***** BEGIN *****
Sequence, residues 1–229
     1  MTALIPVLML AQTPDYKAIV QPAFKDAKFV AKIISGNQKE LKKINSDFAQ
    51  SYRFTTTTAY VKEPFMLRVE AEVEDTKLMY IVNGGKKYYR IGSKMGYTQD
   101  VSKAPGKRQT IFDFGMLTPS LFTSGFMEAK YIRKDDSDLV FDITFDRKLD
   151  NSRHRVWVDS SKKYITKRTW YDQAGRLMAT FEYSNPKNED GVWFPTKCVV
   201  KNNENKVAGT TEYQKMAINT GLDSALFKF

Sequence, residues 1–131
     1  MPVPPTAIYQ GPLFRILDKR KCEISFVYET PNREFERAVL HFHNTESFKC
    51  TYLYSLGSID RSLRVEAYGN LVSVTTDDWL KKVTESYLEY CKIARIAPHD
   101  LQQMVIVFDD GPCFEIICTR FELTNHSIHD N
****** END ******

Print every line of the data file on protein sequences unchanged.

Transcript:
Sequence, residues 1–229
     1  MTALIPVLML AQTPDYKAIV QPAFKDAKFV AKIISGNQKE LKKINSDFAQ
    51  SYRFTTTTAY VKEPFMLRVE AEVEDTKLMY IVNGGKKYYR IGSKMGYTQD
   101  VSKAPGKRQT IFDFGMLTPS LFTSGFMEAK YIRKDDSDLV FDITFDRKLD
   151  NSRHRVWVDS SKKYITKRTW YDQAGRLMAT FEYSNPKNED GVWFPTKCVV
   201  KNNENKVAGT TEYQKMAINT GLDSALFKF

Sequence, residues 1–131
     1  MPVPPTAIYQ GPLFRILDKR KCEISFVYET PNREFERAVL HFHNTESFKC
    51  TYLYSLGSID RSLRVEAYGN LVSVTTDDWL KKVTESYLEY CKIARIAPHD
   101  LQQMVIVFDD GPCFEIICTR FELTNHSIHD N